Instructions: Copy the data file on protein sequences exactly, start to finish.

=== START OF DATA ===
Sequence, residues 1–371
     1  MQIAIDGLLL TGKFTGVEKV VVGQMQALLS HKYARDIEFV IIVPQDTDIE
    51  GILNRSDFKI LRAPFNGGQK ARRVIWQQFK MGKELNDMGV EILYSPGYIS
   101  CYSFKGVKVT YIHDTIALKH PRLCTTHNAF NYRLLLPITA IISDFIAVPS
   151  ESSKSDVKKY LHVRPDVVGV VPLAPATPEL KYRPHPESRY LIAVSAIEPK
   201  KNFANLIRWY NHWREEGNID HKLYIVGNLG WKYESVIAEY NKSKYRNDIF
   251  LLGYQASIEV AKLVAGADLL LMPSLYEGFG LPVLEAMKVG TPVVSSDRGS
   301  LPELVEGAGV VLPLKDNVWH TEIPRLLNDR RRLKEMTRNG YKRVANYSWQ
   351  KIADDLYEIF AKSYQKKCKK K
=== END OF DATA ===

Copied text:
Sequence, residues 1–371
     1  MQIAIDGLLL TGKFTGVEKV VVGQMQALLS HKYARDIEFV IIVPQDTDIE
    51  GILNRSDFKI LRAPFNGGQK ARRVIWQQFK MGKELNDMGV EILYSPGYIS
   101  CYSFKGVKVT YIHDTIALKH PRLCTTHNAF NYRLLLPITA IISDFIAVPS
   151  ESSKSDVKKY LHVRPDVVGV VPLAPATPEL KYRPHPESRY LIAVSAIEPK
   201  KNFANLIRWY NHWREEGNID HKLYIVGNLG WKYESVIAEY NKSKYRNDIF
   251  LLGYQASIEV AKLVAGADLL LMPSLYEGFG LPVLEAMKVG TPVVSSDRGS
   301  LPELVEGAGV VLPLKDNVWH TEIPRLLNDR RRLKEMTRNG YKRVANYSWQ
   351  KIADDLYEIF AKSYQKKCKK K